Here's a section on "assertion toggling" that illustrates this also:

Another example of this:

Je cherche un chat qui soit noir et blanc. - I don't have a cat, but I'm looking for one that would look like this. (I'm sure I can find one, but I don't have one specifically).

Je cherche mon chat. Il est noir et blanc. - I have a cat, but he's missing. He does look like this.


Thanks Torusan,

You are probably right. There is a bit of doubt by the first person, but not enough to not search in the first place. 

I was thinking that it requires some words of doubt or negation to use the subjunctive. I didn't find anything doubtful about je cherche and the support that is given immediately by the other person in the conversation. If I say I am searching Amazon for blue roses, I'm sure to find them. Yep. sure enough. They are there. Plastic, but oh wait, even seeds for blue roses... ok, reality. I can't see using subjunctive for search unless I have an indication of difficulty or not finding it the first try.

Here's another example in the same exercise:

With support: (This is the answer in the book and antidote gives no warnings)
Je suppose que le directeur est dans son bureau. Je vois qu'il y a encore de la lumière.

Without support: (This was my original answer and antidote gives no warnings)
Je suppose que le directeur soit dans son bureau.

So after answering that question wrong, I started reading both phrases. I chose est for the question I posted originally because we see that it is two people talking it seems the result of finding somebody is probable (not just a possibility). The second part causes us to have a little more information.

That's why I chose est for both of the phrases. In the exercise, the two phrases are combined in order to help you tell if it's 25% or 75% chance.  I find that they don't follow the formula very well. In teaching a subject I like the material to be rather irrefutable, which I don't think is the case here.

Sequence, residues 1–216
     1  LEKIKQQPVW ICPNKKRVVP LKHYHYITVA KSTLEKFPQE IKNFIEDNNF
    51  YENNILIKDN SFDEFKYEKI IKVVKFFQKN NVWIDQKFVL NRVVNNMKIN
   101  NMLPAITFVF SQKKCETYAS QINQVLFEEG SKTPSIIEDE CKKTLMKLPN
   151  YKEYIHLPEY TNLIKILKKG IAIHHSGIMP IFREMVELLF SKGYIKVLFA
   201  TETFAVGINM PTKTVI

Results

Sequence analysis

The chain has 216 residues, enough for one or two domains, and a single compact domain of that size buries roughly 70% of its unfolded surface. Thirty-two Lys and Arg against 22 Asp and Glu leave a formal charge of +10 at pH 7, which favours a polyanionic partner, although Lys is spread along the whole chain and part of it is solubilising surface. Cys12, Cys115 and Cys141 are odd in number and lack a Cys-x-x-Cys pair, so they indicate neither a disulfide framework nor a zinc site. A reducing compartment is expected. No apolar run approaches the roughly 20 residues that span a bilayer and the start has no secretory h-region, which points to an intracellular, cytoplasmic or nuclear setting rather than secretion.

Does that change your opinion at all about the phrase, or it is pretty clear-cut that we should use soit?  I dont disagree forcefully. They both are possible solutions depending on the situation, of course.

toru e

toru e

Ah, okay. In the 50% example, it's more of the nuance between probable que (more likely than not) versus possible que (there's *a* chance).

I probably didn't give a good example on the cat using subjunctive [like more than 50% :)]. I should have an attribute that casts doubt, like:

Je cherche un chat qui n'ait pas de fourrure. (*I'm* not sure it exists.)

In the "search box" example, yes, I agree that it would be in the indicative because the search terms would be specific. This would be like looking for, say, "epoxy".

"Je cherche un collant qui s'appelle «epoxy». {indicative, not subjunctive, since it's spelled the same}

But if you were talking to someone and said you're looking for something that can bond two blocks of wood together, you would say:

"Je cherche quelque chose qui puisse coller deux cubes en bois." {It's not that epoxy doesn't exist, but you are indicating uncertainty that you can find this thing that attaches two blocks of wood together.}